The opinion of the court was delivered by: EDELSTEIN
EDELSTEIN, District Judge.
The defendant moves for summary judgment in an action against the Collector (now Director) of Internal Revenue, to recover taxes paid on the amount of contributions to an employees' pension trust.There are seven plaintiffs, six being wholly owned subsidiaries of the principal plaintiff, Dejay Stores, Inc., which will be considered as the plaintiff.
Dejay keeps its books on the accrual basis with a fiscal year ending January 31. During 1943 the plaintiff gave consideration to a plan to establish a pension trust for its employees, and by early January, 1944, an agreement was reached among the officers and directors, counsel and pension consultants on all the terms, provisions, benefits and conditions of an employee retirement plan (subject to the approval of stockholders and the Commissioner, which conditions would not disqualify a plan under the provisions of the Internal Revenue Code applicable to the taxable year involved). On January 17, 1944, the board of directors adopted resolutions approving the plan and authorizing accrual of a contribution for the fiscal year. The contribution was accrued on its books by the corporation on January 31, 1944, the last day of its fiscal year. In December of 1943, plaintiff had made arrangements with the Bank of the Manhattan Company for that bank to act as trustee under a trust agreement which was to be in the bank's usual form.But the trust indenture was not executed until March 27, 1944, simultaneously with the payment to the trustee of the accrued contribution, almost sixty days after the close of the plaintiff's fiscal year. In April of 1944 an application to the Commissioner for approval of the plan was made, and at a stockholders' meeting in May, the stockholders approved the plan. In answer to the application for approval, the Commissioner ruled by letter that the plan met the requirements of section 165(a) of the Internal Revenue Code, 26 U.S.C.A. § 165(a), and that the trust established under it was entitled to exemption. But in answer to the specific question of the allowability of the deduction for the fiscal year ending January 31, 1944, the letter said: "Contributions made to the trust will be allowable as deductions from gross income in accordance with section 23(p) of the Internal Revenue Code, as amended, subject, however, to verification upon examination of your income tax returns." The Commissioner subsequently disallowed the deduction claimed for the fiscal year ending January 31, 1944, on the ground that the formal trust indenture with the bank had not been executed prior to the close of the plaintiff's fiscal year.
The issue is whether the plaintiff properly deducted, in its 1943 fiscal year, the contribution paid on March 27, 1944, to an employees' pension trust. Except as modified by section 23(p) (1) (E), section 23(p) (1) (A) of the Internal Revenue Code specifically requires payment to a trust within the taxable year for which the deduction is claimed, and further requires that the trust be exempt for that year. Section 23(p) (1) (E) modifies this rule only to a limited extent for an accrual basis taxpayer, who is deemed to have made a payment on the last day of the year of accrual, provided the payment is in fact made within sixty days after the close of the year of accrual. Except to the extent that this limited recognition of accrual applies, an accrual basis taxpayer is treated as on a cash basis for the purpose of claiming tax deductions for contributions to a pension trust. 555, Inc., 1950, 15 T.C. 671, 679.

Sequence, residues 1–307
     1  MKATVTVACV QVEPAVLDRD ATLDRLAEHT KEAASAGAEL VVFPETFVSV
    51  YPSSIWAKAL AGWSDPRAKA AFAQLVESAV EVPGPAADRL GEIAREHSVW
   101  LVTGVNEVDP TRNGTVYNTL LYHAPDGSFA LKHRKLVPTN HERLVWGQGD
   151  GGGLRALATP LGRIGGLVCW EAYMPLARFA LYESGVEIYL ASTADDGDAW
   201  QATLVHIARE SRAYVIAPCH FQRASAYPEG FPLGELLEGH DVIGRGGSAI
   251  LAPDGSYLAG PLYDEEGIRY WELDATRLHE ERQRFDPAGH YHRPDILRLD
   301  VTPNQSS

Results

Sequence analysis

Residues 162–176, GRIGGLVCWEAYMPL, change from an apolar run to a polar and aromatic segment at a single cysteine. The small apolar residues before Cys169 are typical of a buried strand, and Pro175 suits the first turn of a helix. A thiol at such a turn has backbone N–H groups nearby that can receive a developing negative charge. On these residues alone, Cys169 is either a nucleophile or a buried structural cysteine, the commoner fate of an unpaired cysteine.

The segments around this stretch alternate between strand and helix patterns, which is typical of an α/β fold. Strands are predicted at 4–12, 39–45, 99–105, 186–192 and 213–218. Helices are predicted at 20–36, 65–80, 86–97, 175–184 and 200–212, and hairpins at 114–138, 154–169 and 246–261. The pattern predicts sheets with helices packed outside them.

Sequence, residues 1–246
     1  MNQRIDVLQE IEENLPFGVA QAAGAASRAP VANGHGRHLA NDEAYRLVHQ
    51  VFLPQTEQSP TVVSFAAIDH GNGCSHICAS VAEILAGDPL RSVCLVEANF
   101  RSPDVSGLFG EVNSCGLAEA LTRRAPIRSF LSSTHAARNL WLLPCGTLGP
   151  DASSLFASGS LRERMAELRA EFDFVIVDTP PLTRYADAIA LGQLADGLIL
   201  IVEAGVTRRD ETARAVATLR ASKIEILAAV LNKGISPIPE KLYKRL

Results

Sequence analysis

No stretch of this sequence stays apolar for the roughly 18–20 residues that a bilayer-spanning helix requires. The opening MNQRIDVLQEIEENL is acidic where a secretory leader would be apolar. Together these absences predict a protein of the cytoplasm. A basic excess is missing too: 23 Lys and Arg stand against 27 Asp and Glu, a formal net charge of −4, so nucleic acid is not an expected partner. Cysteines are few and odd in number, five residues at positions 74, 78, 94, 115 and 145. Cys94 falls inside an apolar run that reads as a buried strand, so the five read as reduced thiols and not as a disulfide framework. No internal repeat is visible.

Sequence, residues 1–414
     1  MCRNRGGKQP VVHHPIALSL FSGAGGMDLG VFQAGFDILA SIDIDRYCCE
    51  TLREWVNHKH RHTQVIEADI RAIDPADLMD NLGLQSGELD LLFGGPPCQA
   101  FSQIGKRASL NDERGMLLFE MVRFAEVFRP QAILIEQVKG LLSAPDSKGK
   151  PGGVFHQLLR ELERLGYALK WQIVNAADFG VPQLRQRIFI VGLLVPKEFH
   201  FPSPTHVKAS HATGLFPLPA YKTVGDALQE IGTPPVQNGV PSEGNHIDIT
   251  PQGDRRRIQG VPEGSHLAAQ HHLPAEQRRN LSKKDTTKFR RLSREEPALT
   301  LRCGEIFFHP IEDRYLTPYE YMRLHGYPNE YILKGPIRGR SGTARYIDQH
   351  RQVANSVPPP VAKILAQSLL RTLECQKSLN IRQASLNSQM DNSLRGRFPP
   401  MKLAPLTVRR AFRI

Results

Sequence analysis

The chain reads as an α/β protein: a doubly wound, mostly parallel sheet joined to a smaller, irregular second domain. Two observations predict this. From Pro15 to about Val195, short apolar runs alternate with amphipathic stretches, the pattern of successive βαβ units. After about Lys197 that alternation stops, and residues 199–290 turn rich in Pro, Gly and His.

In this case, however, no trust was actually established during the taxable year when the contribution was accrued on the taxpayer's books. Thus, the questions here presented are (1) whether, under section 23(p) (1) (E), only the payment of the contribution shall be deemed to relate back to the year of accrual where such payment is made within the sixty day period, or whether the trust shall also be deemed to exist and to be exempt for the year of accrual where these conditions are satisfied at the time of payment, though the trust was not in fact established during the earlier year; and (2) whether, for the payment to qualify under section 23(p) (1) (E), it is necessary only to establish that the payment was accrued on the taxpayer's books within the taxable year and was paid within sixty days after the close of the year, or whether, in order to support the "accrual", it must be established that an enforceable obligation to make the payment was incurred within the taxable year.
It seems clear that, within the limitations of amount provided by section 23(p), the taxpayer was entitled to a deduction for the contribution here involved either in the year when the contribution was accrued on its books or in the year of payment. No important considerations of policy are involved in determining which is the proper year for the deduction; the limited recognition of accruals for this purpose accorded by section 23(p) is itself entirely arbitrary. There is no persuasive reason why Congress should have intended to condition the deduction on the existence either of the exempt trust or of an enforceable obligation within the taxable year because actual payment to an exempt trust within sixty days of the close of the year is required. The requirement of payment insures that deductions will not be allowed for amounts which may never be paid because no enforceable obligation exists. Cf., Internal Revenue Code, section 23(q). However, the statute literally requires that a qualified trust exist during the taxable year for which the deduction is claimed and the Treasury has consistently so interpreted it. Mim. 6394, 1949-1 Cum.Bull. 118; Mim. 4985, 1946 Cum.Bull. 72. The Tax Court has supported this interpretation. Abingdon Potteries, Inc., 1952, 19 T.C. 23; Chesapeake Corp. of Virginia, 1951, 17 T.C. 668.